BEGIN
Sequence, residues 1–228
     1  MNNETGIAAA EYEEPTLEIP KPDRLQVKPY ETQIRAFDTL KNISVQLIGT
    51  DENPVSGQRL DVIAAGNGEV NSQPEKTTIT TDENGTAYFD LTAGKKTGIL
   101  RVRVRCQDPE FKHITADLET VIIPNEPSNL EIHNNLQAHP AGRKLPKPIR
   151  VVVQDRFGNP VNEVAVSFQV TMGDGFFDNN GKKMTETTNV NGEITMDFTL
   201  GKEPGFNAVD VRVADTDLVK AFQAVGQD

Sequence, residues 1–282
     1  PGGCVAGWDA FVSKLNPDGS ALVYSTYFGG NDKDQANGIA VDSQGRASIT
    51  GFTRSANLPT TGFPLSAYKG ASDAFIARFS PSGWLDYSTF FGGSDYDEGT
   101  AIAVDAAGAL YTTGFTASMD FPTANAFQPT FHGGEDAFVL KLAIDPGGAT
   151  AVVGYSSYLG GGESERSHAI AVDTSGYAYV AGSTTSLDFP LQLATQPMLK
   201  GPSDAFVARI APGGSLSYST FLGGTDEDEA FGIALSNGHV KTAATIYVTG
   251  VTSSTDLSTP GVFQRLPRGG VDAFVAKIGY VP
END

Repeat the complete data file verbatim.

Sequence, residues 1–228
     1  MNNETGIAAA EYEEPTLEIP KPDRLQVKPY ETQIRAFDTL KNISVQLIGT
    51  DENPVSGQRL DVIAAGNGEV NSQPEKTTIT TDENGTAYFD LTAGKKTGIL
   101  RVRVRCQDPE FKHITADLET VIIPNEPSNL EIHNNLQAHP AGRKLPKPIR
   151  VVVQDRFGNP VNEVAVSFQV TMGDGFFDNN GKKMTETTNV NGEITMDFTL
   201  GKEPGFNAVD VRVADTDLVK AFQAVGQD

Sequence, residues 1–282
     1  PGGCVAGWDA FVSKLNPDGS ALVYSTYFGG NDKDQANGIA VDSQGRASIT
    51  GFTRSANLPT TGFPLSAYKG ASDAFIARFS PSGWLDYSTF FGGSDYDEGT
   101  AIAVDAAGAL YTTGFTASMD FPTANAFQPT FHGGEDAFVL KLAIDPGGAT
   151  AVVGYSSYLG GGESERSHAI AVDTSGYAYV AGSTTSLDFP LQLATQPMLK
   201  GPSDAFVARI APGGSLSYST FLGGTDEDEA FGIALSNGHV KTAATIYVTG
   251  VTSSTDLSTP GVFQRLPRGG VDAFVAKIGY VP